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Angus Ng is in good form for Hong Kong at the Asia Mixed Team Championship. Photo: EPA-EFE

India stand between Hong Kong and semi-finals at Badminton Asia Mixed Team Championships

  • Victory over Pakistan and Japan win over Taiwan gets Hong Kong into quarter-finals in Dubai
  • Teams that make semi-finals will qualify for world tournament where Olympic qualifying points will be up for grabs

Hong Kong face a tough test against India in the quarter-finals of the Asia Badminton Mixed Team Championships in Dubai on Friday.

The city’s shuttlers had all their top players in action on Thursday as they swept past Pakistan 5-0 in their last game in Group D, but still needed Japan to beat Taiwan 3-2 to ensure their progress.

Japan were unbeaten in the group after seeing off Hong Kong 4-1 in their second game, having dismissed Pakistan 5-0 in their opener. Hong Kong finished second courtesy of a 3-2 win over Taiwan on the opening day.

Hong Kong shock Taiwan on first day of mixed team badminton championships

A draw on Thursday night handed Hong Kong a clash with India, who topped Group B, in the last eight, but head coach Tim He Yiming was not too disappointed.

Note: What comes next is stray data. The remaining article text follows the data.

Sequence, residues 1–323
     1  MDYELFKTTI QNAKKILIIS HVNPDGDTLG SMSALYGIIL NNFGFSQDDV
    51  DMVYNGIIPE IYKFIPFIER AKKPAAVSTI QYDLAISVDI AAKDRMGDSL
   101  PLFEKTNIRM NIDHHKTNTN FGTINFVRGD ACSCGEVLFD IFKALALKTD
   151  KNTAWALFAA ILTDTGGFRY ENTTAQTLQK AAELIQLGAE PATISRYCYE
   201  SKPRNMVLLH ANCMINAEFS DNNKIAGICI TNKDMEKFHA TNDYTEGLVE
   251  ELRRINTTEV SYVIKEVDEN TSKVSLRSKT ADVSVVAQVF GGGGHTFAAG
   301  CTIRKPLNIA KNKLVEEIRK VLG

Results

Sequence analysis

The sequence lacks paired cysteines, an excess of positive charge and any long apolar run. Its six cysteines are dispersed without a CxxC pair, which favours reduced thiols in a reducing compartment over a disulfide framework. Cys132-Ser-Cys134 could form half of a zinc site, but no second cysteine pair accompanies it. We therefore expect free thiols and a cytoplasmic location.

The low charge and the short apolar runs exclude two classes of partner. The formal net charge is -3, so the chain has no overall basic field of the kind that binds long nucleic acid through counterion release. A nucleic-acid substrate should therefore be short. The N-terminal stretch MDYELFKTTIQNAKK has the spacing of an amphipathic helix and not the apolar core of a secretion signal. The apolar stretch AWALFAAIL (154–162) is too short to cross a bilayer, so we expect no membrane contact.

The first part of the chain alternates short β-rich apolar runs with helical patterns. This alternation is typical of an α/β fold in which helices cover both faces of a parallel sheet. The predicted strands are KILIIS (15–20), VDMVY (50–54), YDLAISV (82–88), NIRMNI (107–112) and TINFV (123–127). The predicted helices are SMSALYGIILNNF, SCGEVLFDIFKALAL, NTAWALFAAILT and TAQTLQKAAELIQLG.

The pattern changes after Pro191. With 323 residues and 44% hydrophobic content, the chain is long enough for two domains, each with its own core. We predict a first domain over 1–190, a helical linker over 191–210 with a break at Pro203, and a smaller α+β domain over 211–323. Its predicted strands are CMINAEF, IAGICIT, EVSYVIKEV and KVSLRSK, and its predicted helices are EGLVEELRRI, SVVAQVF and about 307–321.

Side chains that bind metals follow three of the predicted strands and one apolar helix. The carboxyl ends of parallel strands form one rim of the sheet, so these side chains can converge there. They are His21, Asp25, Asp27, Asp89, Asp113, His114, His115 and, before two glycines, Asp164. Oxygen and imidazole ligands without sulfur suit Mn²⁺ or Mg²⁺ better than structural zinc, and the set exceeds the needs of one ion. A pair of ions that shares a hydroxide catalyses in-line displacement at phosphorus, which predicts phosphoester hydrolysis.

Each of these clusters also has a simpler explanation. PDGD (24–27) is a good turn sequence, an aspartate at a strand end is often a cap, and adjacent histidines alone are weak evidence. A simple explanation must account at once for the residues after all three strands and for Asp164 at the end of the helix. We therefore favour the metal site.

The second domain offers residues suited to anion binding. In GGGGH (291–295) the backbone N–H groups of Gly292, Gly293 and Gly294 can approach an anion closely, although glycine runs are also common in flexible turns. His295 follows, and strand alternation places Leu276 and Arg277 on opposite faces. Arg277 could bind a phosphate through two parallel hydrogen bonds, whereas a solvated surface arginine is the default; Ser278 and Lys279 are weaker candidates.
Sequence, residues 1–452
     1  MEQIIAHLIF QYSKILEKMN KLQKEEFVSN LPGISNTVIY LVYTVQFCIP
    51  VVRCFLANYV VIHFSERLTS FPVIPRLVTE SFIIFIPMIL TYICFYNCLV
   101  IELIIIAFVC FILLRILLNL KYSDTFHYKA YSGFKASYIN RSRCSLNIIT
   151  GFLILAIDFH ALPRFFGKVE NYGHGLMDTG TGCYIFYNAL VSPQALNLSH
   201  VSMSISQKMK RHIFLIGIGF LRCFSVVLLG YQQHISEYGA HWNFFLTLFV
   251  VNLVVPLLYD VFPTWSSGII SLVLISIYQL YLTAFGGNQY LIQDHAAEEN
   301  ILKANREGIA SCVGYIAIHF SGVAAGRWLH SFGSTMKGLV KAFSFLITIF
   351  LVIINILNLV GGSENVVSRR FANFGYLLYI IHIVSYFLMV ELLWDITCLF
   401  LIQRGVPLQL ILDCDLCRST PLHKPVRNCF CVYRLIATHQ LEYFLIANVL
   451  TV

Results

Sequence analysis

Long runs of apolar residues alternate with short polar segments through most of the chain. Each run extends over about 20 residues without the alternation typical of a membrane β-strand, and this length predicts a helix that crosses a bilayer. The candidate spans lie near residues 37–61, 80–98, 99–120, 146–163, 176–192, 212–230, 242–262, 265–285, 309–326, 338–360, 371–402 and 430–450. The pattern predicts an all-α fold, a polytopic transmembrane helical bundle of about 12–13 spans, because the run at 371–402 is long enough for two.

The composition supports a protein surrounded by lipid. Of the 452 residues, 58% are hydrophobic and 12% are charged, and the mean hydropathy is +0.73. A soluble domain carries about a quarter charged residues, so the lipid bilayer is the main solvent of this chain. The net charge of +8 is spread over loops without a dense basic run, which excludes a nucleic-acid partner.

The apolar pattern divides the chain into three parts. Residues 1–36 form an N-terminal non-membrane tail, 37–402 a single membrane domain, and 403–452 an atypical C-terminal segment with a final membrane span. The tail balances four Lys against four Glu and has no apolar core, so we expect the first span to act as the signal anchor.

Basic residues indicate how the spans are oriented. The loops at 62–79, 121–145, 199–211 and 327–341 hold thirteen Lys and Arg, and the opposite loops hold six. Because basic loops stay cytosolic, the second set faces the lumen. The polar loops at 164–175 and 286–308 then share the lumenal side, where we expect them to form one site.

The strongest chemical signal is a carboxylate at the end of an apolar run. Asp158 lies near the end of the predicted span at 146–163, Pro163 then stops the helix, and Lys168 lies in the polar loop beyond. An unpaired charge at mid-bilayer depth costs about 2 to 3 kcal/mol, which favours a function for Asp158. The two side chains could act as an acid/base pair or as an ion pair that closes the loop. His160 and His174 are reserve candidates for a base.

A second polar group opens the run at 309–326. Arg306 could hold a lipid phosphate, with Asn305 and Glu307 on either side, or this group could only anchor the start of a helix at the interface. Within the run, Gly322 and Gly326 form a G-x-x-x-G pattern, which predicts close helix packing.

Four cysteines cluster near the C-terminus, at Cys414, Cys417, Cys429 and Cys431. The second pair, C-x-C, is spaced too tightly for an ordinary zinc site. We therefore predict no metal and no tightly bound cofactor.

Defending champions China finished first in Group A and will take on Malaysia, while Group C winners Indonesia face South Korea, who lost 3-2 to China in their last group match and finished second in their pool. Japan will meet Thailand.

“India will be the better team to handle compared to the two other group winners, but of course they are still ranked higher than us,” He said. “We can give them some problems in the men’s singles and mixed doubles, and will have to offer our best in three remaining ties and see how it goes.”

Hong Kong team at the airport before their departure to Dubai for the Asia Mixed Team Championship. Photo: Handout

The four semi-finalists will qualify for the World Mixed Team Championships in May, where Olympic qualification points will also be on the line.

While the win over Pakistan was expected, He said victory over Taiwan had been instrumental in securing a place in the quarter-finals.

“We changed our team combination to make women’s player Ng Tsz-yau start in both the doubles and mixed doubles against Taiwan, and as a result the mixed doubles became the first tie while the women’s doubles started last in the best-of-five match,” said the coach.

“Ng did not let us down with the victory in the opening mixed doubles and following the success in the next men’s singles, we created a comfortable 2-0 lead which put the opponents under pressure as they could not offer losing any more.”